Defense Date

2005

Document Type

Dissertation

Degree Name

Doctor of Philosophy

Department

Pharmacology & Toxicology

First Advisor

Dr. William L. Dewey

Abstract

Morphine and Δ9-THC are drugs that produce analgesia and rewarding effects. However, chronic treatment with morphine and Δ9-THC produces problematic side-effects including tolerance and physical dependence. The cellular mechanisms underlying opioid and cannabinoid antinociceptive tolerance have been studied for years. Research has demonstrated that the expression of morphine and Δ9-THC antinociceptive tolerance may be mediated through intracellular signaling pathways, such as the adenylyl cyclase /Protein Kinase A (PKA) cascade. The present study investigated the role of PKA in the expression of morphine and Δ9-THC antinociceptive tolerance. Male Swiss Webster mice were treated chronically with morphine or Δ9-THC and the warm-water tail-flick test was used to assess antinociception. These studies revealed that the level and the duration of morphine antinociceptive tolerance both influenced whether PKA activity was increased in mouse brain and spinal cord. Cytosolic PKA activity was increased in the thalamus of 3-day morphine-tolerant mice expressing a 45-fold level of tolerance, but not in mice that expressed a 10-fold level of tolerance. In addition, cytosolic PKA activity was increased in the lumbar spinal cord (LSC) of 15-day morphine-tolerant mice. However, chronic treatment with A9-THC had no effect on neuronal PKA activity even in mice that expressed a high level of antinociceptive tolerance. The absence of an effect of chronic treatment with A9-THC on neuronal PKA activity was supported by the development of a positive control in which the PKA activator Sp-8-Br-cAMPS was administered intracerebroventricularly (i.c.v.) and intrathecally (i.t.) in drug-naYve mice and increases in PKA activity were observed in several brain regions and LSC. Finally, the i.c.v. injection of two peptide fragments of native Protein Kinase A inhibitor (PKI) peptide, PKI-(6-22)-amide and PKI-(Myr- 14-22)- amide, significantly reversed antinociceptive tolerance in mice treated chronically with morphine. PKI-(6-22)-amide (i.c.v.) also inhibited PKA activity in brain regions (thalamus, periaqueductal gray (PAG), and medulla) and LSC, which studies have shown play a role in morphine-induced analgesia. Moreover, PKI-(6-22)-amide reduced the increase in PKA activity in thalamus and LSC observed with chronic morphine treatment. Overall, these studies provide evidence that PKA plays a role in morphine tolerance, but not Δ9-THC tolerance at the doses and times tested.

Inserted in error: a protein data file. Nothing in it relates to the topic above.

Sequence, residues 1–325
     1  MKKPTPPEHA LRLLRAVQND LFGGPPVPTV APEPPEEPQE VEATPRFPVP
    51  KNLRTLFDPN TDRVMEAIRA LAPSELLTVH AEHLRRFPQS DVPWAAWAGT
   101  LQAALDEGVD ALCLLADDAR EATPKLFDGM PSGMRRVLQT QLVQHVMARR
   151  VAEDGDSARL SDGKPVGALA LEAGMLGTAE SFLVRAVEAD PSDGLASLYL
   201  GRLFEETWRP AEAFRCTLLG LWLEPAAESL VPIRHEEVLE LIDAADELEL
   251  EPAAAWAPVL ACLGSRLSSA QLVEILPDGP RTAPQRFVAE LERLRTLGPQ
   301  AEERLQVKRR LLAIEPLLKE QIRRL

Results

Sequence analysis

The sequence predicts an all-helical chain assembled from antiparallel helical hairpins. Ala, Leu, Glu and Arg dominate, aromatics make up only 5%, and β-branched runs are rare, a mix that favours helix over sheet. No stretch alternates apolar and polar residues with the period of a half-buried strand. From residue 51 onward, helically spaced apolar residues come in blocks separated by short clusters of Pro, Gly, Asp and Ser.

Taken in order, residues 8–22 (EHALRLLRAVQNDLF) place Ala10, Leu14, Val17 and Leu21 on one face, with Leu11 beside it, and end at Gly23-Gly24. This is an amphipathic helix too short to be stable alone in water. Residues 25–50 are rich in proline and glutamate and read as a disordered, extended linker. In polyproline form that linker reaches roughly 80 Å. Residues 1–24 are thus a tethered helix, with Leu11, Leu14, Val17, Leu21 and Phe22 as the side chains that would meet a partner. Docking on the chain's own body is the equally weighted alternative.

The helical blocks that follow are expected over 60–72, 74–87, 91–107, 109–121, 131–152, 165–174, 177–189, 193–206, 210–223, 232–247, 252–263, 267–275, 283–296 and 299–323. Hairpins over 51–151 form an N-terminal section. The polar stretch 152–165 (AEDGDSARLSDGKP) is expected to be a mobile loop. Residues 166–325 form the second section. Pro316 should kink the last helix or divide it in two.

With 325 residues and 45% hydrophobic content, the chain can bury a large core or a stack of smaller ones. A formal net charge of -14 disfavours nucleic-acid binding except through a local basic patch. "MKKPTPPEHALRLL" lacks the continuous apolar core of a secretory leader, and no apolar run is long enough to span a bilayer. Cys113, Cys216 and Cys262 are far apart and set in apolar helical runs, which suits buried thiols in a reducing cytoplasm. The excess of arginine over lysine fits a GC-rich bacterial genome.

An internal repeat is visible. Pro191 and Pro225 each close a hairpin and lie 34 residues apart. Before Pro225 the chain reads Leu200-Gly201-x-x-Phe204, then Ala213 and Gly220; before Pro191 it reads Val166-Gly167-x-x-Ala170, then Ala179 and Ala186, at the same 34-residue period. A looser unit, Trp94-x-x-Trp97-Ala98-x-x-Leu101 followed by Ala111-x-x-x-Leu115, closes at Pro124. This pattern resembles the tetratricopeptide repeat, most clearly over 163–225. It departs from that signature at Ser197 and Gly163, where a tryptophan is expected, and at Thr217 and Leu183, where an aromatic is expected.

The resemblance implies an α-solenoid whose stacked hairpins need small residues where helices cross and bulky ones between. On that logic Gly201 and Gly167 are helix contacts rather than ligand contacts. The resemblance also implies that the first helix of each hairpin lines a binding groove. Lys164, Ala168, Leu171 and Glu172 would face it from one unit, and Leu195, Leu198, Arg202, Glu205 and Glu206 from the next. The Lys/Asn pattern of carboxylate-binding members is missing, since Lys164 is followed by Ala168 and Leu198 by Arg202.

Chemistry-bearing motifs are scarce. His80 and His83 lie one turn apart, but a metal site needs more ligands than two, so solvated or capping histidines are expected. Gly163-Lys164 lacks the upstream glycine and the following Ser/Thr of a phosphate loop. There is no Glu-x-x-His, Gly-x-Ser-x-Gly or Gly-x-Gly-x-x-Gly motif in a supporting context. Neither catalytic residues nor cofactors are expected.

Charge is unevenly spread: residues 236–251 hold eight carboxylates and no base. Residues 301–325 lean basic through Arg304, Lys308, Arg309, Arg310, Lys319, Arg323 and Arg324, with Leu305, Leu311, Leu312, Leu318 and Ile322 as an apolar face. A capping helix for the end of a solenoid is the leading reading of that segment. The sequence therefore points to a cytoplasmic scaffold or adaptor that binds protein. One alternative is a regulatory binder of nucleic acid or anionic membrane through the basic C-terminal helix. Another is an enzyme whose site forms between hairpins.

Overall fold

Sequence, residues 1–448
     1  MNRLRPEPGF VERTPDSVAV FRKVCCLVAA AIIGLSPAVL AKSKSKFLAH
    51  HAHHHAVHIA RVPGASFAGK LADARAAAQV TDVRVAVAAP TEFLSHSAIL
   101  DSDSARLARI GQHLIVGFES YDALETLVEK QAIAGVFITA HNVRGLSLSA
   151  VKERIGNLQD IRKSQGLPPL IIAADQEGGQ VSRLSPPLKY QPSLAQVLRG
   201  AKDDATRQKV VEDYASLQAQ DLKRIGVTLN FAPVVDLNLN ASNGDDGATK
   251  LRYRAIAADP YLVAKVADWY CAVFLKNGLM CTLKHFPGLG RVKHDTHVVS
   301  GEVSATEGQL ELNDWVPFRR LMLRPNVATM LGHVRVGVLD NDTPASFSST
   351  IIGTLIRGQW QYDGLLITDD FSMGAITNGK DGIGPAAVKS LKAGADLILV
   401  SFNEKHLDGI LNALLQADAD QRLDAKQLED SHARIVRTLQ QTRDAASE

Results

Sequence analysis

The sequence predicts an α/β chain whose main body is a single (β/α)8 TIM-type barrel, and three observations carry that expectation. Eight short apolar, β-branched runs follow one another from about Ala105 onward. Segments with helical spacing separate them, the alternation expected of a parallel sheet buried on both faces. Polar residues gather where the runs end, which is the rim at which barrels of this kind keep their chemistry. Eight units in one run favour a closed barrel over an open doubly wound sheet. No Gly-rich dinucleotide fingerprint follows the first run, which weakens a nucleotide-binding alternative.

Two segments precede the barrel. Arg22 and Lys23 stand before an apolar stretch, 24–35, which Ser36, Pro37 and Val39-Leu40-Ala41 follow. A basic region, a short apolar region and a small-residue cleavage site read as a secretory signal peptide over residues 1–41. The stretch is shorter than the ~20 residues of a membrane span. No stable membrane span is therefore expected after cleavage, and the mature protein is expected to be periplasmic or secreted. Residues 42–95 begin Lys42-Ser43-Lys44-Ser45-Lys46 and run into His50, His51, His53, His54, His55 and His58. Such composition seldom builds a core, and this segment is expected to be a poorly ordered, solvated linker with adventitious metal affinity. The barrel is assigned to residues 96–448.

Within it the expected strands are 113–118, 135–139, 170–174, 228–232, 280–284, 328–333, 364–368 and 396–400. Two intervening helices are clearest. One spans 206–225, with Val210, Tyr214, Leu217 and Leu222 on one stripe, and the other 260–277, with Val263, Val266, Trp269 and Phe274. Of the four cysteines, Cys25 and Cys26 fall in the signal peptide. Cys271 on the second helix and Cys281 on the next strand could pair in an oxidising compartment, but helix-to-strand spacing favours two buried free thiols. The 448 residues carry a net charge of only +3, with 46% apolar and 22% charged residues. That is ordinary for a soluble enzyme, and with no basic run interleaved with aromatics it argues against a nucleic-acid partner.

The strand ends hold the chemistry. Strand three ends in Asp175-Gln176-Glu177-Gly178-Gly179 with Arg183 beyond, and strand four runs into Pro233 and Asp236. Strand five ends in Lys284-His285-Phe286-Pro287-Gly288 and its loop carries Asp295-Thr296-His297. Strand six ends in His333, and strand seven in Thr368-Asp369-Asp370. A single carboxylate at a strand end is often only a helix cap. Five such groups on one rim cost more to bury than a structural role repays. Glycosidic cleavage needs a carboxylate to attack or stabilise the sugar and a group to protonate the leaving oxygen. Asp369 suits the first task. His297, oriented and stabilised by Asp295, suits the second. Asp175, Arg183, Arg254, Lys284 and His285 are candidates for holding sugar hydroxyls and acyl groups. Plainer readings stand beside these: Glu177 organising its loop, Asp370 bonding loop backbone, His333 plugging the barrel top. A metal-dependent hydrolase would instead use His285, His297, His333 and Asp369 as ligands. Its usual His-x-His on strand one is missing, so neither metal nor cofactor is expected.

Rights

© The Author

Is Part Of

VCU University Archives

Is Part Of

VCU Theses and Dissertations

Date of Submission

June 2008

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